So at some point in this process, I’m going to have to decide on a power plant forProject Streetliner. My plan is to purchase either a used scooter, or one or more wrecked scooters to scavenge for parts. The question is, which one? The thing is, as I’ve researched this project more in-depth, I’ve realized that there’s more to be had from the right donor bike than just the rear end. Part of this project is to minimize the amount of custom engineering I’d have to do. Whatever I wind up with, I also want to stick to that bike (or at least that brand) as much as possible so that I can minimize the number of spare parts sources I have to manage. In a lot of ways, this ceases to be a scratch vehicle, and becomes an elaborately custom scooter. I like the sound of that! Components should really include:
Obviously the rear brake disk and caliper are already part of a scooter rear end, so that’s handy. But what could and really should also be harvested from a donor scooter are the front brake components (calipers, disks, wheels, lines) and both brake master cylinders as well. Ideally, I’d like to use a bike that has either two front wheels (such as the MP3) or dual disk front brakes on the single front wheel (such as the Aprilia Sportcity, or the Suzuki Burgman). That would ensure that the brakes are already balanced and matched to the wheels and that the master cylinder is already beefy enough. Some maxi scooters also include a parking brake, which would definitely come in handy on a 3-wheeler.
Wiring, switches, controls, telemetry
Harvesting the wiring harness, gauges, and other goodies out of the bike would save a ton of work. It’d be pretty dumb not to utilize the gauges, the hand controls, and other switches and such that have already been engineered to work together on the bike. Why wire up a custom circuit for turn indicators when there’s one already built into the donor bike?
Wheels and tires
There really isn’t much interchangeability to scooter wheels and tires. There’s not the aftermarket for rims and such like there is for cars. So I’m likely to be stuck with the wheels and tires native to that scooter. One exception I know of is the Piaggio QUASAR engine line that is shared between Piaggio, Vespa, and Aprilia bikes. The 12″ wheel of the Piaggio MP3 could be plausibly swapped for the 16″ wheels of the Aprilia. The main advantage there is that swapping to the larger size effectively makes the end gear ratio higher (and therefore adds to fuel efficiency).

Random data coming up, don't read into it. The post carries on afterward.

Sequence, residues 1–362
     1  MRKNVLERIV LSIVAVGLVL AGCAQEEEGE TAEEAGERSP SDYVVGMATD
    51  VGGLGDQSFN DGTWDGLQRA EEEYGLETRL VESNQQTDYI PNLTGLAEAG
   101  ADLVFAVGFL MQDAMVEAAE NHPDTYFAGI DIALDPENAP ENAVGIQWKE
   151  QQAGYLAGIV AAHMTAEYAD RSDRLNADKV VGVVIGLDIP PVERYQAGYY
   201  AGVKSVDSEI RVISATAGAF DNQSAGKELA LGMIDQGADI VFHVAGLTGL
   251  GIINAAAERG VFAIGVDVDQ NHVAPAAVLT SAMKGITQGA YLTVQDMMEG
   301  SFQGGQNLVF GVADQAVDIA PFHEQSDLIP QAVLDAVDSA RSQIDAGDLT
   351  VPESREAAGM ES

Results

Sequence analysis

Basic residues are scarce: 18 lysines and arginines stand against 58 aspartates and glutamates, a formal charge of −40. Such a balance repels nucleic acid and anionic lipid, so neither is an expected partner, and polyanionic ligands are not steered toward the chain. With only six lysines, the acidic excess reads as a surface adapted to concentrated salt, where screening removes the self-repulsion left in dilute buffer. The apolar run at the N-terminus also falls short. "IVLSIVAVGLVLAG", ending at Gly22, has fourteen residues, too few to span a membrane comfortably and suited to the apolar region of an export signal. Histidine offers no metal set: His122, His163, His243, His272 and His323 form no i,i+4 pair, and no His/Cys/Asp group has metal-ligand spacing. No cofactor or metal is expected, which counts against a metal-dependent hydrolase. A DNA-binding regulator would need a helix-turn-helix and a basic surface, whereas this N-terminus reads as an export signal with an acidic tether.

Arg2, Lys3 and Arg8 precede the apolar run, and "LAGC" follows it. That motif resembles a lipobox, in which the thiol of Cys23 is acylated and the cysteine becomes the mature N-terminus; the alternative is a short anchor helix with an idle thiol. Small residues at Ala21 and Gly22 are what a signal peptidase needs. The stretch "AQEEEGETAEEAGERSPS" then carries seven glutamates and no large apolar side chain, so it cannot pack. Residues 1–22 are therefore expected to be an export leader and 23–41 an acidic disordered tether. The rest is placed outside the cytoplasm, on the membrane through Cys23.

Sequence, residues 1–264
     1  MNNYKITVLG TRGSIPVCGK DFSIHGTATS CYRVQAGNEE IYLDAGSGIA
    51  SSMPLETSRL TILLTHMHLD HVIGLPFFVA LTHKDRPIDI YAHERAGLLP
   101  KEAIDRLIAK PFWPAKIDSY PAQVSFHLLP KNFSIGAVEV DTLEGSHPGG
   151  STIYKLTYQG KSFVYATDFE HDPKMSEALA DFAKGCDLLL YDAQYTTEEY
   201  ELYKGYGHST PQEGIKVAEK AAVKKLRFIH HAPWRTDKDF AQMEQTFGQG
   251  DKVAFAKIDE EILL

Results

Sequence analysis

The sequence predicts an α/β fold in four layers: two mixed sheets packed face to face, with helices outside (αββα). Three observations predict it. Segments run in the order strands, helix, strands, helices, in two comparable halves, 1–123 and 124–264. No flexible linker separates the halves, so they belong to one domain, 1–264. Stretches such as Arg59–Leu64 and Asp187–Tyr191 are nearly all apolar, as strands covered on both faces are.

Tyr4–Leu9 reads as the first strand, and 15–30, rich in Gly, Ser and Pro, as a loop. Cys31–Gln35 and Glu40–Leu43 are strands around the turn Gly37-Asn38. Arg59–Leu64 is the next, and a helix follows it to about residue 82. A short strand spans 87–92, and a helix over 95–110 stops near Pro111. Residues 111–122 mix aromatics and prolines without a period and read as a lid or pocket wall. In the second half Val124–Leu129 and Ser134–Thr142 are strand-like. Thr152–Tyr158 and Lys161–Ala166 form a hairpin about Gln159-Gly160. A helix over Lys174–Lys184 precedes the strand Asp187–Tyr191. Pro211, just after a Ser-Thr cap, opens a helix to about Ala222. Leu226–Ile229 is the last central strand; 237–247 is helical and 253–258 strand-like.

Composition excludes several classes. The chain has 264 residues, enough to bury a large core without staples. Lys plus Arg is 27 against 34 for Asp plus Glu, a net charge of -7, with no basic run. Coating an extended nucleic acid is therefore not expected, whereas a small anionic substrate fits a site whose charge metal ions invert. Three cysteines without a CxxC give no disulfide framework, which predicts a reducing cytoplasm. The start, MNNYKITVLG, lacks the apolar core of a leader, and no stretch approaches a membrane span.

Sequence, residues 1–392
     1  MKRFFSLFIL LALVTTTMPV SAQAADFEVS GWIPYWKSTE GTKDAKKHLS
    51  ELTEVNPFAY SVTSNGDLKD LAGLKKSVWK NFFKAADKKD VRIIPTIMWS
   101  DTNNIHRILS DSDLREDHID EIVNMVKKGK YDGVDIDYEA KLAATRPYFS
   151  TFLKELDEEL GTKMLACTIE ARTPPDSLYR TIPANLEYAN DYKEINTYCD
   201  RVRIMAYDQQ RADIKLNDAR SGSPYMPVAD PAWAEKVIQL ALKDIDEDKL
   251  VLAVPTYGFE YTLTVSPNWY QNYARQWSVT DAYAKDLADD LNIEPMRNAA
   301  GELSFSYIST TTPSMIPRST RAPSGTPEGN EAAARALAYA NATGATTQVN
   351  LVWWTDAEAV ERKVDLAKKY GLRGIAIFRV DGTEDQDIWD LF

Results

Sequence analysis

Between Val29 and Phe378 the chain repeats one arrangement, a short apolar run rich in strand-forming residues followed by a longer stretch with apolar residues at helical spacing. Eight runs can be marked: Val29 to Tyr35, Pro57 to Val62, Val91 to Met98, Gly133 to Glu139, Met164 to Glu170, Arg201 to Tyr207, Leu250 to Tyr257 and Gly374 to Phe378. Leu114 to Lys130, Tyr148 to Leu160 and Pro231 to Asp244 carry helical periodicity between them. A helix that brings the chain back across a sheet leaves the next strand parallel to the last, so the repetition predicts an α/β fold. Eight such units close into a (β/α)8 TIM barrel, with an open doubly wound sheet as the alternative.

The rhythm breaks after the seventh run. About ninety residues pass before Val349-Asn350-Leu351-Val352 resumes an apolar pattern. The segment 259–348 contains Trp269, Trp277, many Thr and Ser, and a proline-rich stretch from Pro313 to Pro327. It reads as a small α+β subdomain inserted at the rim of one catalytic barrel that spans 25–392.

So when it’s all said and done, the only parts of the donor bike I wouldn’t be utilizing are the front fork, lights, the handle bars themselves, the majority of the chassis structure, and the seat. That’s it! The last lingering question for me was engine size.
I’d originally envisioned this project to utilize a 250cc scooter engine such as what’s shared between the Vespa GTs 250, Piaggio MP3 250 and Aprilia SportCity 300i. That, or a similar 250cc engine from Honda, SYM, or Kymco. A 250cc motor is kind of the sweet spot between performance, weight and fuel economy in the scooter world. The MP3 seems an ideal choice for the obvious reason that it’s already a leaning trike. The MP3 also comes in 400cc and 500cc versions should the need to up-size arrive.
Speaking of which, I’m pretty sure at this point that up-sizing is inevitable. This is mostly because of the likely weight of Project Streetliner. My design criteria is to stay below 600 lbs curb weight. Scooters in the 250-650cc engine classes tend to weigh in between 340-550 lbs. Thing is, it’s not speed I’m concerned about, it’s economy. You see, a small engine having to work really hard will usually get worse fuel economy than a slightly larger engine that isn’t having to work so hard. (For example, on a racetrack a BMW M3 gets better fuel economy than a Toyota Prius when both are driven at the Toyota’s quickest speed.) So if my vehicle does indeed weigh 600 lbs, a 400cc engine will likely get better mileage (and conveniently give more power) than a 250cc.
So that brings me to my latest bit of hands-on research. I stopped by the local Suzuki dealership to look at a Burgman 400 — a bike considered by the folks who like such machines as the premier maxi scooter on the market. It seems perfect! The Burgman is the front runner right now for a couple key reasons. It already gets the mileage I’m shooting for, weighs in at 474 lbs, has dual front brakes, and a great reputation. Looking it over, it’s now the definite front runner in my search for a donor bike. What’s more, Suzuki has sold a boat load of them so there ought to be plenty around in the secondary market. That certainly can’t be said for the MP3, I’d wager. Anyboy have any other suggestions?